Anemia – causes, side effects and treatments at NaturalPedia.com

Thursday, December 21, 2017 by

Anemia is a medical condition characterized by low hemoglobin levels or red blood cell count. According to a Medicinenet.com entry, the disease is diagnosed when hemoglobin levels drop to less than 13.5 grams per 100 milliliters for men and less than 12.0 gram/100 ml for women.  The article also notes that anemia can be caused by either a marked reduction in red blood cell or hemoglobin production, or by red blood cell destruction and blood loss due to injuries or excessive bleeding.

An article posted on the News Medical Life Sciences website notes that the disease is associated with various risk factors, and treatments may depend on the type of anemia that the patient developed. According to the article, iron deficiency anemia is the most common form of anemia that stems from a lack of iron intake in diet or excess loss of iron. The entry explains that iron is a major component of hemoglobin and plays a central role in its proper function. Hence, iron deficiency leads to anemia onset.

Another form of the disease called pernicious anemia is caused by a dietary lack of vitamin B12 or folate. The essential vitamin facilitates the production of heme molecules, which are important parts of hemoglobin. In addition, complete bone marrow failure results in a life-threatening form of anemia called aplastic anemia. The condition is characterized by inadequate numbers of red blood cells, white blood cells, and platelets. Aplastic anemia is caused by chronic exposure to toxic chemicals, cancer treatments, infections, and adverse drug reactions.

Moreover, hemolytic anemia is caused by an enlargement of the spleen. Another form of the disease, called sickle cell anemia, is triggered by various factors such as smoking, alcohol intake, and overexertion as well as dehydration, temperature fluctuations, and constrictive clothing.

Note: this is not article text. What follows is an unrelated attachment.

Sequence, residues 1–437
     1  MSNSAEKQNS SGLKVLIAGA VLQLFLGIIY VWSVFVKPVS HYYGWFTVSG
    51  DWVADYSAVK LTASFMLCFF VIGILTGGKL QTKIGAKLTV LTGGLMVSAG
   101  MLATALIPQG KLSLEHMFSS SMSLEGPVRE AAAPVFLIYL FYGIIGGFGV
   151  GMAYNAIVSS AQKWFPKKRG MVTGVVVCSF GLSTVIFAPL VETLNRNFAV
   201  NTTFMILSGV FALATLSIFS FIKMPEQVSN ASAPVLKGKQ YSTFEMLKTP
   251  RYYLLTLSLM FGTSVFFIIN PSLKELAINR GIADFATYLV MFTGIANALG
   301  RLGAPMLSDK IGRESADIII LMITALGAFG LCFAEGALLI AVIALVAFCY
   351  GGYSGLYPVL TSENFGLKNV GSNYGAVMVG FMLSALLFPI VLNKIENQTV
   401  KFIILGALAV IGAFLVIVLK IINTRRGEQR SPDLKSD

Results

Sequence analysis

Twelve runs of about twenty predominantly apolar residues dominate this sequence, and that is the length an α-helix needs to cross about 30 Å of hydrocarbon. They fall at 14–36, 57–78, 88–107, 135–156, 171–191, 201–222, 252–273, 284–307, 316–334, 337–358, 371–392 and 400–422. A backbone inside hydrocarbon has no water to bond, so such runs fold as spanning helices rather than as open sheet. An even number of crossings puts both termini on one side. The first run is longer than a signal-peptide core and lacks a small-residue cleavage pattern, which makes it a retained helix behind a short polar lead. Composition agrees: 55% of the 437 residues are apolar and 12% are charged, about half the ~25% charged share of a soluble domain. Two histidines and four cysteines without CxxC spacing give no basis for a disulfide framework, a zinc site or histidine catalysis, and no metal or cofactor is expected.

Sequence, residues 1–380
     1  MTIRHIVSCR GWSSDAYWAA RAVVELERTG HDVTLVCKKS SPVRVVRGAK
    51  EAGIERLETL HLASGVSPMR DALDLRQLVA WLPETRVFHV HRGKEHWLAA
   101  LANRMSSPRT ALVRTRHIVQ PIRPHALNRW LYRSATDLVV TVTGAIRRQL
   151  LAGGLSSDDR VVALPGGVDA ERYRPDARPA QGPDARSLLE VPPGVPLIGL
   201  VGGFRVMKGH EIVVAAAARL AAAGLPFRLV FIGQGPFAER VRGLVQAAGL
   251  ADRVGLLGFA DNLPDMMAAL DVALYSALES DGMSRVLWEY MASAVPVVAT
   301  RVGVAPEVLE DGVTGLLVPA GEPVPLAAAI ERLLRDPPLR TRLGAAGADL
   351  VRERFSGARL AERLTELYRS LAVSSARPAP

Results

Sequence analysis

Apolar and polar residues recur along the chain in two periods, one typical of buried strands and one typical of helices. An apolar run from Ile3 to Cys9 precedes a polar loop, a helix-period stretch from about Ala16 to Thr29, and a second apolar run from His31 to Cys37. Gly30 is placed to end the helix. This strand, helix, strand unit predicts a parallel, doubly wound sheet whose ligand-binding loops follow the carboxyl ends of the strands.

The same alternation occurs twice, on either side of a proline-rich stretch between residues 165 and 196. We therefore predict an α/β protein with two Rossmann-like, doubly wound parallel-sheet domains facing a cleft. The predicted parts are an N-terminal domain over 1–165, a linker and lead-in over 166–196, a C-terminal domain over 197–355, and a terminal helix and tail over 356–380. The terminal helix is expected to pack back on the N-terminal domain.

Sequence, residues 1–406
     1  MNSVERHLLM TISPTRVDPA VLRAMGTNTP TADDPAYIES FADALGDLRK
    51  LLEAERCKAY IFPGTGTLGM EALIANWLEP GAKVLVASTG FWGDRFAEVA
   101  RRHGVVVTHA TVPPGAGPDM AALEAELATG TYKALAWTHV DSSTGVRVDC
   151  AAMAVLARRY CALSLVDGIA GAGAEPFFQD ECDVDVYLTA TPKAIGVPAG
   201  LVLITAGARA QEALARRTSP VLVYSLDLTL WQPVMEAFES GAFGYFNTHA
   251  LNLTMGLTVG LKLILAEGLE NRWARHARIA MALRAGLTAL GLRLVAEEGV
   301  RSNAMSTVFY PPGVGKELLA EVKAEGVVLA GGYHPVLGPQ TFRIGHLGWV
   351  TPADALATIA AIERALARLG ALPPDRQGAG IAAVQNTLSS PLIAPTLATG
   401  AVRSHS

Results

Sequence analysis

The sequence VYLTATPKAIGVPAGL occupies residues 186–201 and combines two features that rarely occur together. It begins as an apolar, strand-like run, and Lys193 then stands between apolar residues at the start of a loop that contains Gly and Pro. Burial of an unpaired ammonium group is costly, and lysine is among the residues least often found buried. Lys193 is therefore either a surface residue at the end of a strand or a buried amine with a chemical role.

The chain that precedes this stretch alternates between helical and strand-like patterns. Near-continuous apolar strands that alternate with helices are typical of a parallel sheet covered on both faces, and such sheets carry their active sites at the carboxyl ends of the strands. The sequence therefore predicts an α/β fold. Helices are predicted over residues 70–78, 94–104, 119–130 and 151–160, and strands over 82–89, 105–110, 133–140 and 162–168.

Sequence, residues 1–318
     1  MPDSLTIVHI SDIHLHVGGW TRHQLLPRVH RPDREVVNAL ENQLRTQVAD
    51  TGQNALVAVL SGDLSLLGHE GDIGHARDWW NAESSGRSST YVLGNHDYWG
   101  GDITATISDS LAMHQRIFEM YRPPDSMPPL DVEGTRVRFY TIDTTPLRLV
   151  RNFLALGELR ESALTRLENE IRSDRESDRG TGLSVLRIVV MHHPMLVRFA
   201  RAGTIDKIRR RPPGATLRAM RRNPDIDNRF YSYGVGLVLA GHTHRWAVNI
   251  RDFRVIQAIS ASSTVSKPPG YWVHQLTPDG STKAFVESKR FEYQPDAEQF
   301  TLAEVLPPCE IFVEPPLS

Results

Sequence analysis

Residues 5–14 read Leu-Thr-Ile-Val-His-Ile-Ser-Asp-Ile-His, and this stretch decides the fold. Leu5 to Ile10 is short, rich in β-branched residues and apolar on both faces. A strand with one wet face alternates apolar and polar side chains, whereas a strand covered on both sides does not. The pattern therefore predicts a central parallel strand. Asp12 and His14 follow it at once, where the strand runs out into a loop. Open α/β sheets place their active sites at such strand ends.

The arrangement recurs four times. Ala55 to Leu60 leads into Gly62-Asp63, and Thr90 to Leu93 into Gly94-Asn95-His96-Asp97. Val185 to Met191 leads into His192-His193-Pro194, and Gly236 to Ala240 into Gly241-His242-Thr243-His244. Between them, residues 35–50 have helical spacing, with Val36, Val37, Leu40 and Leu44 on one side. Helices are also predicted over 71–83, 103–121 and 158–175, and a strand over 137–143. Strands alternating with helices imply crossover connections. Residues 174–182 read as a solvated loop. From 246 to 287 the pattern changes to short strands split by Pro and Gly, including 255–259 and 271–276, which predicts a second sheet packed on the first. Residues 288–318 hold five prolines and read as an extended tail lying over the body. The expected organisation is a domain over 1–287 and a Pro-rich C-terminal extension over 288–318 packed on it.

Known side effects of anemia

Anemia is associated with increased susceptibility to various infections such as flu, pneumococcus meningitis, and Hepatitis B. Likewise, anemia may lead to hypoxia, lethargy, tachycardia or abnormally fast heartbeat, and reduced lung function. The disease may also raise the odds of sepsis, pregnancy complications, and postnatal depression. Infants born to anemic mothers are also known to suffer from premature birth, low birth weight, and reduced mental capacity. Anemia may lead to confusion, unconsciousness, and restless leg syndrome as well.

Body systems harmed by anemia

Anemia is notoriously detrimental to the blood circulation. Likewise, the disease can wreak havoc on the immune system, the heart and the lungs. The condition may also affect the central nervous system.

Food items or nutrients that may prevent anemia

Foods rich in iron and vitamin B12 may help stem the onset of anemia. These foods include:

  • Dark-green leafy vegetables
  • Iron-fortified bread and cereal
  • Beans
  • Meat
  • Apricots
  • Nuts
  • Raisins

Treatments, management plans for anemia

Nutritional therapy and supplementation are commonly employed for patients lacking vitamin B12 and iron. Splenectomy is performed in patients with enlarged spleen. In addition, an article posted on the Medscape website notes that bone marrow and stem cell transplantation can be performed in patients with more severe conditions. Blood transfusion is also a viable option for patients who suffer from active bleeding.

Where to learn more

Summary

Anemia may increase the risk of infections such as flu, pneumococcus meningitis and Hepatitis B.

Anemia may also trigger the onset of hypoxia, lethargy, confusion and unconsciousness.

Anemia may result in spleen enlargement, restless leg syndrome, sepsis and heart and lung issues.

Anemia may lead to pregnancy complications, postnatal depression, premature birth and low birth weight.

Anemia primarily targets the body’s overall immunity and blood circulation.

Anemia is also detrimental to the heart, lungs and the central nervous system.

Sources include:

Medicinenet.com

News-Medical.net

NHS.uk

EMedicine.Medscape.com



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